Eight months after occupying four oil ports in the east of the country — effectively hijacking Libya’s export economy in the process — federalist rebels agreed with the government of Tripoli to gradually return some ports to central authorities.
It is a first, small step forward for Libya’s government, whose control over the country’s splintering factions has been generally weak. Oil exports — among the country’s top revenue source — had dropped by a staggering 80 percent over the seizures.
The rebels — who have been demanding greater autonomy and a larger cut of oil sales revenues — will immediately concede the ports of Zueitina and Hariga, south and east of Benghazi, but they are holding on to the larger ones of Ras Lanuf and Es Sider until further negotiations.
As part of the deal, the government will pay compensation to the rebels, drop charges against them, and call off its threats of a military offensive. But the conditions to be met by authorities before all remaining ports can reopen were not immediately clear.
"The ports Zueitina and Hariga will be handed over to the state with the signature of this agreement,” Justice Minister Salah al-Marghani said as he read the agreement. “The protesters are banned from returning or obstructing work at the ports."
Es Sider was at the center of a heated standoff last month, after the North Korean-flagged “Morning Glory” tanker sailed off from there with a $38-million–worth of crude. North Korean officials denied having anything to do with the tanker.
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The shipment — which would have marked the rebels’ first international oil sale against the will of the central government — was briefly intercepted by Libyan forces, before it managed to escape into international waters.
It was eventually seized by US Navy Seals off the coast of Cyprus, but not before causing a great deal of embarrassment to the Tripoli government, long accused of being at the mercy of the rebels.
The video below shows the tanker at the heart of the controversy, after US forces seized it and took it back to Libya.
The Morning Glory at the end of its adventurous journey.
Libya’s Prime Minister Ali Zeidan was sacked by parliament as part of the fallout from that incident, in an event that signaled the deteriorating situation in a country that has remained deeply divided since the toppling of former dictator Muammar Gaddafi in 2011.
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Osama Buera, a founding member of the federalist Cyrenaica Political Committee, the political wing of the rebel group controlling Libya’s Barqa region, told VICE News that the deal with the government went “smoothly” and that the rebels will reopen the remaining ports in two to four weeks “if the government is serious about the terms of the agreement.”
For the rebels, who said they worked with the oil facilities guard units to advance demands that would satisfy both groups, the deal signals a move towards what they hope will be political recognition.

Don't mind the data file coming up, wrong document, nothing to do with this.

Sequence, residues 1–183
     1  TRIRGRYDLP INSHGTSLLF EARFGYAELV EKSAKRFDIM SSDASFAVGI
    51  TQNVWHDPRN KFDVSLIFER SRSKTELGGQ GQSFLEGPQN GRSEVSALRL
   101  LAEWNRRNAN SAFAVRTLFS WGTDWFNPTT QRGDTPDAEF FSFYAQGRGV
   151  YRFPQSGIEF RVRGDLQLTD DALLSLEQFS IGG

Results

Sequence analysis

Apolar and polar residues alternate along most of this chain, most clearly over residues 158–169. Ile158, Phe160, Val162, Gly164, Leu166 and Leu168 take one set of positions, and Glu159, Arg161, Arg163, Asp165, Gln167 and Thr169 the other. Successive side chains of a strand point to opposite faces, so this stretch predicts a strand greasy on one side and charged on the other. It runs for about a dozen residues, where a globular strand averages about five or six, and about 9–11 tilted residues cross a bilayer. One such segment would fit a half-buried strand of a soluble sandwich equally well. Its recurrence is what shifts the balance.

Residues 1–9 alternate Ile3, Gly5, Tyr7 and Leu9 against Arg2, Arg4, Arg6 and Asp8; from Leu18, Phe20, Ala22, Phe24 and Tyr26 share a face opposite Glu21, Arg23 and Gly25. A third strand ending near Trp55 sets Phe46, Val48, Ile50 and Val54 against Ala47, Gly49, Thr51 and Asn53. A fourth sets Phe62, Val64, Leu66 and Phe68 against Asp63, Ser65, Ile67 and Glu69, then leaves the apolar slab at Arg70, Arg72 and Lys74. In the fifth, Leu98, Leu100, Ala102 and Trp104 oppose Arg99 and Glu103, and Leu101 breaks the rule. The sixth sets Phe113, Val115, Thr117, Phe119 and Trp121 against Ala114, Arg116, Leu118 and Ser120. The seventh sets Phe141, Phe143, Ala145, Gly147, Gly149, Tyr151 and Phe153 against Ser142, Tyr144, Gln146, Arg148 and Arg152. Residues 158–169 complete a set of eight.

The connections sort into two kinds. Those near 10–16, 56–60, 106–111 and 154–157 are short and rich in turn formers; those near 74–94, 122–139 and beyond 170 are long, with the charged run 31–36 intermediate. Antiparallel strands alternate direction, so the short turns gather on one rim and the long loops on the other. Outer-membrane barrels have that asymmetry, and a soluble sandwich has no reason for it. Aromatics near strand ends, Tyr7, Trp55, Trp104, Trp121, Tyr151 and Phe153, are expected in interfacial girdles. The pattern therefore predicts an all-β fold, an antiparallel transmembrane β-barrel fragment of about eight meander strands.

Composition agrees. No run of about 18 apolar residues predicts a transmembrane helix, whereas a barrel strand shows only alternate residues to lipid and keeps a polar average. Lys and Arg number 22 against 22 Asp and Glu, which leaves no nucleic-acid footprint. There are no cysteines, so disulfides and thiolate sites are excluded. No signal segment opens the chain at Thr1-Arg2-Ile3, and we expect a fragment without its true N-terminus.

“For us as the autonomy movement in Cyrenaica, our voice now is well heard even on the table of the international community,” he said, explaining that the group would start campaigning for an independent state in the region. “Now it’s time for us to move towards more political activity.”
Ibrahim Jathran, the rebels’ leader, also confirmed the deal in a message broadcast by a rebel TV station.
“We did this out of good will, to build trust, have a dialogue, and solve all problems between Libyans by peaceful means," he said. "We serve Libya's interests."
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VICE News traveled to Libya and met with Jathran, who told us then that the rebels wanted “real participation in decision making” and a “fair share of the wealth.”
So far, the ports’ occupation has cost the country some $7 billion in lost oil revenue, according to Reuters, also forcing the central bank to tap into its reserves to keep the state apparatus afloat.
But while the latest deal will give a much needed boost to the country’s stalled exports — Zueitina and Hariga ports have a capacity for about 200,000-barrels–worth of shipments a day — the government’s problems are far from over.
In addition to the ports that eastern rebels are not surrendering yet, splintered groups of protesters in the west of the country have also turned off the tap on oil production there, but the lack of centralized leadership there makes the prospect of negotiations a far shot.
“Each region has its own demands and differences,” Buera said, referring to different factions fighting for autonomy in other parts of the country. “In Libya there is a lack of consistency, and each region has its own problems and internal conflicts.”
But if the deal with the government is successful, he said, other rebel groups might follow along.
“We believe that instead of sliding in a civil war in the region, it’s better to go towards the political table,” he said.
Follow Alice Speri on Twitter: @alicesperi